for the vestiges of my five hundred pounds. He proceeded to enlarge on his loneliness, and the trouble he had to find a proper disposition of his money. "I have weighed this plan and that plan, charities, institutions, and scholarships, and libraries, and I have come to this conclusion at last,"—he fixed his eyes on my face,—"that I will find some young fellow, ambitious, pure-minded, and poor, healthy in body and healthy in mind, and, in short, make him my heir, give him all that I have." He repeated, "Give him all that I have. So that he will suddenly be lifted out of all the trouble and struggle in which his sympathies have been educated, to freedom and influence."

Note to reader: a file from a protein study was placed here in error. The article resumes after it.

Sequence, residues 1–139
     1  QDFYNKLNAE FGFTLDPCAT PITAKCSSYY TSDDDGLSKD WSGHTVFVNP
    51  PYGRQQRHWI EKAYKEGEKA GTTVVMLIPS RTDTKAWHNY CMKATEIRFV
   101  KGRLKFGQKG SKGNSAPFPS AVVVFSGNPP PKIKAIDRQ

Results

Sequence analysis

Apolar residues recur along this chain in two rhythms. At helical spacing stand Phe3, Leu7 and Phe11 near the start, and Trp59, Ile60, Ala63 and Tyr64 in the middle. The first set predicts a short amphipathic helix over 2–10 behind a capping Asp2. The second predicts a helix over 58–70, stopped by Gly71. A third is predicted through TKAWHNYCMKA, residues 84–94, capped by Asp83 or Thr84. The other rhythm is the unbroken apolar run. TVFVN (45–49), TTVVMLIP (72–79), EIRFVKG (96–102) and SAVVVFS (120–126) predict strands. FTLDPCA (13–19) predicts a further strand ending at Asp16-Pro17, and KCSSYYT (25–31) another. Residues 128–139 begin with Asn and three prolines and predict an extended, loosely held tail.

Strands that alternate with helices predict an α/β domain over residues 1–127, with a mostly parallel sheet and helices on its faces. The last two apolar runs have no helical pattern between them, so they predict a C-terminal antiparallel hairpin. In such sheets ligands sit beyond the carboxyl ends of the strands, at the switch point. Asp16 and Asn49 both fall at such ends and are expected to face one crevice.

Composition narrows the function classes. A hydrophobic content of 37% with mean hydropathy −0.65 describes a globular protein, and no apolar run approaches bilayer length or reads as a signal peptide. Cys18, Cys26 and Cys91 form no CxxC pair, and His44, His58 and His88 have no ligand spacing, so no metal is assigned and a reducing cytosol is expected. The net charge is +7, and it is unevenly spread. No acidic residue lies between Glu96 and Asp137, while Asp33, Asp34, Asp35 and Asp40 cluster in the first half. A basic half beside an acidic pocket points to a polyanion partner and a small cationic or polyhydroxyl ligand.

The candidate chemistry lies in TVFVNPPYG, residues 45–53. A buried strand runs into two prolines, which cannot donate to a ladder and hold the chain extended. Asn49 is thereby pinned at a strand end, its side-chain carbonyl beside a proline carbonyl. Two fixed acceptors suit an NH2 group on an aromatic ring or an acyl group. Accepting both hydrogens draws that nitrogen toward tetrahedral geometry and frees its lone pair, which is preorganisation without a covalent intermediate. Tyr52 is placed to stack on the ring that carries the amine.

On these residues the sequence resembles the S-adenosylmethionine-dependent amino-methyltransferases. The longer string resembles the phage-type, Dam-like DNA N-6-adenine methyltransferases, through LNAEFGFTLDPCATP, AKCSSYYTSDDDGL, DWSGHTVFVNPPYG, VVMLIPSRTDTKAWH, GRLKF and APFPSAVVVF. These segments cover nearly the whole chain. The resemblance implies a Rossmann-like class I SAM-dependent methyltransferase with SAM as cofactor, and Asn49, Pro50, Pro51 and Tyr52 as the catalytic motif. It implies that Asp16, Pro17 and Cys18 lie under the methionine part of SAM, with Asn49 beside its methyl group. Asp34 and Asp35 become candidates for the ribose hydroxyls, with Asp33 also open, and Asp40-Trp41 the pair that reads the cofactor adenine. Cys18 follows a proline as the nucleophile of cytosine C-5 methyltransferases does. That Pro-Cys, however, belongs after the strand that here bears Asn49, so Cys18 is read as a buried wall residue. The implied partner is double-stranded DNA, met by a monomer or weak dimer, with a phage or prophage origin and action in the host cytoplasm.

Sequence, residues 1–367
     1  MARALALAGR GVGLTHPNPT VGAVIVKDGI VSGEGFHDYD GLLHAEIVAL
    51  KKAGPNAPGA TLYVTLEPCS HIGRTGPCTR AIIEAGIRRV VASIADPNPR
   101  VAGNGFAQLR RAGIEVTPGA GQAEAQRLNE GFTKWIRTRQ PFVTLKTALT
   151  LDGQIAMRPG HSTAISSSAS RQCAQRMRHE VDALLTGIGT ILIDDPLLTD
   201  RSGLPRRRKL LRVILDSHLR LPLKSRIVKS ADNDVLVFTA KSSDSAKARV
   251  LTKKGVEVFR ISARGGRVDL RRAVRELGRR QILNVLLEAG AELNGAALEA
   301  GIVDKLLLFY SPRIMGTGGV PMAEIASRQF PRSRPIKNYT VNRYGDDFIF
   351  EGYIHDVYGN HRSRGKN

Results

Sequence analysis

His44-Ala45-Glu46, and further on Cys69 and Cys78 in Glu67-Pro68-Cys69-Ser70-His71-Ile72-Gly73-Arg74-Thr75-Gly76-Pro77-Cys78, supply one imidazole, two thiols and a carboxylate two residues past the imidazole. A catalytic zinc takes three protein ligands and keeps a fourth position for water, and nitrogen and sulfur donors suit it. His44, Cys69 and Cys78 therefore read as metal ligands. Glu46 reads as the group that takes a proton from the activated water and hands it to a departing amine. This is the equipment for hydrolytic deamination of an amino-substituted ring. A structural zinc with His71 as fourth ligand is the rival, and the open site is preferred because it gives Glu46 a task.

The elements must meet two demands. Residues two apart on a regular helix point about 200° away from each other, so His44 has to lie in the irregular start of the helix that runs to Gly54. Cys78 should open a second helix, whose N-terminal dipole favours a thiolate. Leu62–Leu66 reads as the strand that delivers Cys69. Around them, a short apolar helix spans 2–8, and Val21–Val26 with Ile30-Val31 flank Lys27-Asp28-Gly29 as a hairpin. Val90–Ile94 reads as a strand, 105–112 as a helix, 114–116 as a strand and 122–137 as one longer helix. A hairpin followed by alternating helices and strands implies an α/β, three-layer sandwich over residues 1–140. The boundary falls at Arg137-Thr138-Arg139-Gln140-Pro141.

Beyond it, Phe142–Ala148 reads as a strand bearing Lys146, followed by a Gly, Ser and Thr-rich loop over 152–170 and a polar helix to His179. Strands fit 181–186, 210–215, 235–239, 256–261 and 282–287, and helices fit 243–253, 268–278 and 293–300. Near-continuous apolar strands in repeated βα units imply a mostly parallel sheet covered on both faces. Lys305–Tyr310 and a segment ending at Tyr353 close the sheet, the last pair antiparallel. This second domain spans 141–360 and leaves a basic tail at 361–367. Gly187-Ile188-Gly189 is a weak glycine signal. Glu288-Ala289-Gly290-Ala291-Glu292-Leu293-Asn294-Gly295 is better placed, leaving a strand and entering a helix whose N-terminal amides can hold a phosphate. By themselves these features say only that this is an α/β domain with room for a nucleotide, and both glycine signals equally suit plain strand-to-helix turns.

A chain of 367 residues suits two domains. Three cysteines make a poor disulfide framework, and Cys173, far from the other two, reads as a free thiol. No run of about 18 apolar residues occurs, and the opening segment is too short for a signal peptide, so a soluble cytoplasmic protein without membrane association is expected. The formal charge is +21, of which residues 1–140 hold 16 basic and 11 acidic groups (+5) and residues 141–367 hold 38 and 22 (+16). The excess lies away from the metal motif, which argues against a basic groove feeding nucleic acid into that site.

I tried to seem disinterested. With a transparent hypocrisy I said, "And you want my help, my professional services maybe, to find that person."
He smiled, and looked at me over his cigarette, and I laughed at his quiet exposure of my modest pretence.
"What a career such a man might have!" he said. "It fills me with envy to think how I have accumulated that another man may spend——
"But there are conditions, of course, burdens to be imposed. He must, for instance, take my name. You cannot expect everything without some return. And I must go into all the circumstances of his life before I can accept him. He must be sound. I must know his heredity, how his parents and grandparents died, have the strictest inquiries made into his private morals."
This modified my secret congratulations a little.
"And do I understand," said I, "that I——"
"Yes," he said, almost fiercely. "You. You."
I answered never a word. My imagination was dancing wildly, my innate scepticism was useless to modify its